Several weeks back I opined that we as evangelicals are deathly afraid of the possibility that God might be better than we think. So many of our most deeply cherished theological constructs are based upon God as the absolute worst possible version of Himself. As a test case, Coronavirus has shown this to be true. In spades.
Actually seen on social media this past week:
I have seen this picture with the highlighted verse out of 2 Chronicles floating around Facebook in a couple of different contexts lately. You have probably seen it too. The one I wish to draw your attention to was a poster who shall remain anonymous, who opined thusly: “The minister in me cannot ignore this Scripture. God allows trials to come our way to get our relationship back in tune with Him in order to keep us from eternal calamity. Evidently, we need to pay attention for He knows what is ahead.”
Let me repeat that once again so it can sink in: “God allows trials to come our way to get our relationship back in tune with Him in order to keep us from eternal calamity.”
FBC Dallas pastor Robert Jeffress, one of the most vociferous and well-liked Donald Trump supporters on the planet, concurs. He preached a sermon entitled “Is the Coronavirus a Judgment From God?” in which he stated, “All natural disasters can ultimately be traced to sin.”
But lest you think this is strictly an evangelical phenomenon, we find that it is not. Catholic historian and author Dr. Roberto de Mattei appears in an article on LifeSite News, in which he calls the coronavirus a “scourge from God”. De Mattei looks at the virus as an economist, a historian, and a theologian of history. As an economist, he states that the world economy simply cannot handle the unique disruptions caused by the coronavirus and will inevitably go to shit, taking government and all the rest of human society down with it, and thereby sounding the death knell of globalization. (Globalization is a liberal modernist construct; as a conservative Catholic pundit, de Mattei is not a fan.) As a historian, he likens the virus to the Spanish Flu of 1918 and, looking back even further, to the Black Death of the 14th century which reduced Europe’s population by a third. As a theologian of history, he opines that it is the Church’s role to judge history but in our modern age we have reversed that and instead see history as judging the Church. He sees coronavirus as God’s judgment against the Church for allowing itself to become captive to the lies of modernity. He quotes St. Bernardine of Siena (1380-1444), who declared thusly: “There are three scourges with which God chastises: war, plague, and famine.” He concurs, stating:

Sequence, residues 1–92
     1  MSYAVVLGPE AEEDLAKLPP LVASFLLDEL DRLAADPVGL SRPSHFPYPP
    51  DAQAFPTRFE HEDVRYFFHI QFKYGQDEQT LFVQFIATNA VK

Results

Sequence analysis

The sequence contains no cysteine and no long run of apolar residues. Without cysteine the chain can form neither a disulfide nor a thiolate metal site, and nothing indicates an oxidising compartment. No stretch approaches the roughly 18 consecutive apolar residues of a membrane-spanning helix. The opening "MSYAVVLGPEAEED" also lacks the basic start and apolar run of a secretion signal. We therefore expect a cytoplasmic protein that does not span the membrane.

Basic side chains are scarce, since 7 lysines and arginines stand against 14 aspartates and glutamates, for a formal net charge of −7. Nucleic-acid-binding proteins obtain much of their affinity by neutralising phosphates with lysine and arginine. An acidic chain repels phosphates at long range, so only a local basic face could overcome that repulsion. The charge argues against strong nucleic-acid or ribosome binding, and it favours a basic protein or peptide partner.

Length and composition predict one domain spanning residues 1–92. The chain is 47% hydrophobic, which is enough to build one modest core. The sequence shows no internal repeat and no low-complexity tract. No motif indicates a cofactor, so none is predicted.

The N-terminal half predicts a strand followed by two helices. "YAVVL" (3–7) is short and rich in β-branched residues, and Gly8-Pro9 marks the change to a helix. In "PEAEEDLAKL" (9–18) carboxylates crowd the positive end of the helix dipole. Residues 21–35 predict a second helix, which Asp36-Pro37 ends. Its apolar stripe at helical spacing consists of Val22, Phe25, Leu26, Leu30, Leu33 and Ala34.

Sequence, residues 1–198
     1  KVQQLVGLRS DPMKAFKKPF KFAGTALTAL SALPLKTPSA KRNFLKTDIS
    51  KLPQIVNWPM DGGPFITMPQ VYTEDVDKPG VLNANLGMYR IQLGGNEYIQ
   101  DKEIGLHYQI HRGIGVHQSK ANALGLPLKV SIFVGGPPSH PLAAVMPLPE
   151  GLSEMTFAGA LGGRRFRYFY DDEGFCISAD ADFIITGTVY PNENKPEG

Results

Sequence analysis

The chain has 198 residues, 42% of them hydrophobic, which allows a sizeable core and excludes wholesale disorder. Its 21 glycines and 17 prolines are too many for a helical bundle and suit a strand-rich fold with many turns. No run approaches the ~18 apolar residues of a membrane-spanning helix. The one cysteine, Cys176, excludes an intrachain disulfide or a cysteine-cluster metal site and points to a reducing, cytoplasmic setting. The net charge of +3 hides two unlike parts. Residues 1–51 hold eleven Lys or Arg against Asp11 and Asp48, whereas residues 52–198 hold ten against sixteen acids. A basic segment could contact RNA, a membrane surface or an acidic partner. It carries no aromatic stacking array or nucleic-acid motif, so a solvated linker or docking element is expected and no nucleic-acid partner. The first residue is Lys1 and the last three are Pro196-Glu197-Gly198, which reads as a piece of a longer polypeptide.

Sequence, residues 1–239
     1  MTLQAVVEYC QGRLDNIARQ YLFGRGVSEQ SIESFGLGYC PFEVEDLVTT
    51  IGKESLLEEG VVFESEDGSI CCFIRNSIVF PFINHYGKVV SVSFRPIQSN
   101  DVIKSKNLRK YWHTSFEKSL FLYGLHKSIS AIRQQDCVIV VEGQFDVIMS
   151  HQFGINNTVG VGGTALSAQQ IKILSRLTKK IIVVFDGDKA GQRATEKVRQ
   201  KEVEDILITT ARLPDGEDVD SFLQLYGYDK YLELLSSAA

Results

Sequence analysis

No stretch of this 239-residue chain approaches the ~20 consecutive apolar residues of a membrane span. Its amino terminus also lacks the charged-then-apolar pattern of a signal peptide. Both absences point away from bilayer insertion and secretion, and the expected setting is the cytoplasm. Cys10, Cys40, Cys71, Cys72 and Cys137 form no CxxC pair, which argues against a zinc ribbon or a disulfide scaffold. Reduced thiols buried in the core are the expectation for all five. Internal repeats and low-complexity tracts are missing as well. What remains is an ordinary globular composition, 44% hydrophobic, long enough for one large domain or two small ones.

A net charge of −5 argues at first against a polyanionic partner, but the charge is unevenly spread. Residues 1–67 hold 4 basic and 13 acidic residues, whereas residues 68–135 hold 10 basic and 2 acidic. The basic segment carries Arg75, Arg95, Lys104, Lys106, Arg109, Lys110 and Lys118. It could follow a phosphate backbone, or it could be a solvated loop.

The theology of history tells us that God rewards and punishes not only men but also collectivities and social groups: families, nations, civilizations. But while men have their reward or chastisement, sometimes on earth but always in heaven, nations, which do not have an eternal life, are punished or rewarded only on earth.
God is righteous and rewarding and gives to each what is his due: he not only chastises individual persons but he also sends tribulations to families, cities, and nations for the sins which they commit.
God is the author of nature with its forces and its laws, and he has the power to arrange the mechanism of the forces and laws of nature in such a way as to produce a phenomenon according to the needs of his justice or his mercy.